I didn’t have it in me tonight (time, topic, or motivation) to write any kind of extended reflection, but I wanted to post at least something. I realize that this is a dangerous combination. But here are a number of quite disconnected thoughts either from various recent experiences or that simply jumped to mind as I sat here. I hope that some might be encouraging or thought-provoking in a good way.
I get the impression that God means us to be greatly humbled every time we hear a language that we cannot understand.
It is fascinating how much people will compromise to make other people laugh.
If you started memorizing one verse per day tomorrow, you would memorize the entire New Testament in 22 years. I would have the New Testament stored away in my mind at the age of 49. I could cut out at least 5 years with the verses that I already know well. That gives me the New Testament at age 44.
If you started memorizing one chapter per week tomorrow, you could memorize the entire New Testament in 5 years — by the spring of 2013. This would only be 4-5 verses per day.
Perhaps more amazing than the previous two statistics is how few of us will actually do (or even try to do) something like this.
Maturity comes from small consistent choices over the long haul. It cannot be microwaved.
I think that faith and faithfulness are the best responses when stuck in the valley of indecision.
When you feel lonely, discouraged, introspective, unknown, and out of sorts, you will probably feel like being alone, but it would be better for you to be around good people who love Jesus.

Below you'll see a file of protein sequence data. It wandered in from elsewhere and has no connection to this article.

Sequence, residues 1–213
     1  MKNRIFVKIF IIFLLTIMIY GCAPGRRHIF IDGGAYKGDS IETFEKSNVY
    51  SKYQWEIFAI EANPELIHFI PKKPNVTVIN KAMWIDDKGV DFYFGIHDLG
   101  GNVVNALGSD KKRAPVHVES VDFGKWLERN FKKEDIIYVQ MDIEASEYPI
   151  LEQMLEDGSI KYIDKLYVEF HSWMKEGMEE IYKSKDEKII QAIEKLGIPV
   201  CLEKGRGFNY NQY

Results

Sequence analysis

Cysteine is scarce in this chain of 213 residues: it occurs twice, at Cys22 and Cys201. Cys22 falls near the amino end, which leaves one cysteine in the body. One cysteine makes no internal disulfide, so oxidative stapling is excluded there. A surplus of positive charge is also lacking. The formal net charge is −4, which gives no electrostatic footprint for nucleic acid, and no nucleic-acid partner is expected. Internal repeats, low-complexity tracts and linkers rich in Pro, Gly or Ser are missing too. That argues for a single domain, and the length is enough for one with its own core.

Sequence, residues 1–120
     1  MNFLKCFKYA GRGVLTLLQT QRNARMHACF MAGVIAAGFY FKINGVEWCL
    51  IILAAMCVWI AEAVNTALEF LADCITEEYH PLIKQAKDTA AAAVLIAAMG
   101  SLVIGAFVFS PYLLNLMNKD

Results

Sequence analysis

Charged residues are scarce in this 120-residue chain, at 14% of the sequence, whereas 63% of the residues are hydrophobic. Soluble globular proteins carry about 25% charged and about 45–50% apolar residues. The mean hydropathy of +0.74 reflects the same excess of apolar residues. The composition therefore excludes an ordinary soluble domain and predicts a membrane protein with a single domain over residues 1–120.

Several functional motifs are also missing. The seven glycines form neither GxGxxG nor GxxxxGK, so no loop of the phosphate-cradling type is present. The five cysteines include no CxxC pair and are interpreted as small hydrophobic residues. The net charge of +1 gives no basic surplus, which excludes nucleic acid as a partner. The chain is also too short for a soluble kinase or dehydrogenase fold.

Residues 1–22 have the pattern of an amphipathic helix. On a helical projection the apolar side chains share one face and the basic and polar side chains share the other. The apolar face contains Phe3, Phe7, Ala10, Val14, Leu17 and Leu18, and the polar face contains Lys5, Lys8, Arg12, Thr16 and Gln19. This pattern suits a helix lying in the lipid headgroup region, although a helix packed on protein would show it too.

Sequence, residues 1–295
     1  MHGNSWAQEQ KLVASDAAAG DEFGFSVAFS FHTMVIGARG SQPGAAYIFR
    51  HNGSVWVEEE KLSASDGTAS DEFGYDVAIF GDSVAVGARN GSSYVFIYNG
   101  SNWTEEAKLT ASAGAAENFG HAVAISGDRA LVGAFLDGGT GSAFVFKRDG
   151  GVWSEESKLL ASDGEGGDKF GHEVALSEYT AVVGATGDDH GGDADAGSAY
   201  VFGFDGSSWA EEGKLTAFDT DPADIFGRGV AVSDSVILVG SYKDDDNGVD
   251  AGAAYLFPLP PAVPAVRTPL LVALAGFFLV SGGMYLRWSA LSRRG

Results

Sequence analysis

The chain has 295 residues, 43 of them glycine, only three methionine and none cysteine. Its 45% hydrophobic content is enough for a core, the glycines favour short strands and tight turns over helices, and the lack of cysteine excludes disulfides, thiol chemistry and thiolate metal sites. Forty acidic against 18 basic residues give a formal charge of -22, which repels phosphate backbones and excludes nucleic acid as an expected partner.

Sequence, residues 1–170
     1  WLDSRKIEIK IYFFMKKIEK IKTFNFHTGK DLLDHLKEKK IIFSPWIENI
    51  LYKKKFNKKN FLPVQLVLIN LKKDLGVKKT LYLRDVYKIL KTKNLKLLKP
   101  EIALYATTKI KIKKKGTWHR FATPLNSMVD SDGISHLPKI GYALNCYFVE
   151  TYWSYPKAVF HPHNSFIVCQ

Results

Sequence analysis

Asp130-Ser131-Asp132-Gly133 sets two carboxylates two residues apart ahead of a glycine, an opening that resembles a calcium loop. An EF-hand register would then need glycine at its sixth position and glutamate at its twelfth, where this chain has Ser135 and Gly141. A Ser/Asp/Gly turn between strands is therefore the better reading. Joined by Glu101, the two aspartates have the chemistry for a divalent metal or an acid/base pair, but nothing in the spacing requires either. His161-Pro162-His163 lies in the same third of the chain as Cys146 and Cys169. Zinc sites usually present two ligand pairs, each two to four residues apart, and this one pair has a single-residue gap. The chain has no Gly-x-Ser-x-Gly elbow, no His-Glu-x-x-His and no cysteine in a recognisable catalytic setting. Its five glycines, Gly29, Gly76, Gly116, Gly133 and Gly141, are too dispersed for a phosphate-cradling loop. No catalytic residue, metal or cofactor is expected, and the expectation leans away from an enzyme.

It takes great humility to pursue community when lonely. Selfishness thrives in privacy and introspection but is exposed in community and relationship.
I always feel badly for extreme sports performers because none of us can even begin to appreciate what they do. Like single mothers or missionaries to unreached tribes or parents with mentally handicapped children, most of us have little context for relating (and appreciating).
In general, I would suggest that the more time you spend on Facebook and MySpace, the more socially destitute you probably are. If this is true, it is not a good sign for my generation.
You must prepare for the biggest tests in life before you know what they are, which means that you should be very diligent now. You will not usually get the chance to prepare once the test is upon you.
Self-pity is a lie from the devil to keep us from serving others.
It is foolish to dichotomize too strictly between preparation and real life. All of life is preparation and all of life is real.
It’s important to do what you know to be right even when you get made fun of for it.
I’ve concluded that homeless beggars must see an incredible amount of guilt through the eyes of passersby. This must give them tremendous insight into the heart of man.
There are so many ways to slander someone.
There are many who love to point out that children have a refreshing sense of wonder that adults have lost, but few who work to recover it.
As we grow older, it is not that maintaining a sense of wonder is impossible. It just takes more work.
Busyness makes us forget that small expressions of love are meaningful.
Sometimes in close communities like The Master’s College, it can helpful to hear the relentless phrase “How are you?” as a question expressing greeting instead of a question inviting introspection.
We learn by imitation; imitation begins with watching; what are you watching?
One way to bless people is to think of the question that they probably get asked the most and to avoid asking it.
Personal passivity may seem like a natural progression but it is actually a moral choice.
Moral erosion does not happen in leaps and bounds.
We may never know how much television and video games have emaciated our souls and how ashamed so many young men will be that they spent the years of their strength mastering Halo.
It is utterly astounding that Jesus never sinned.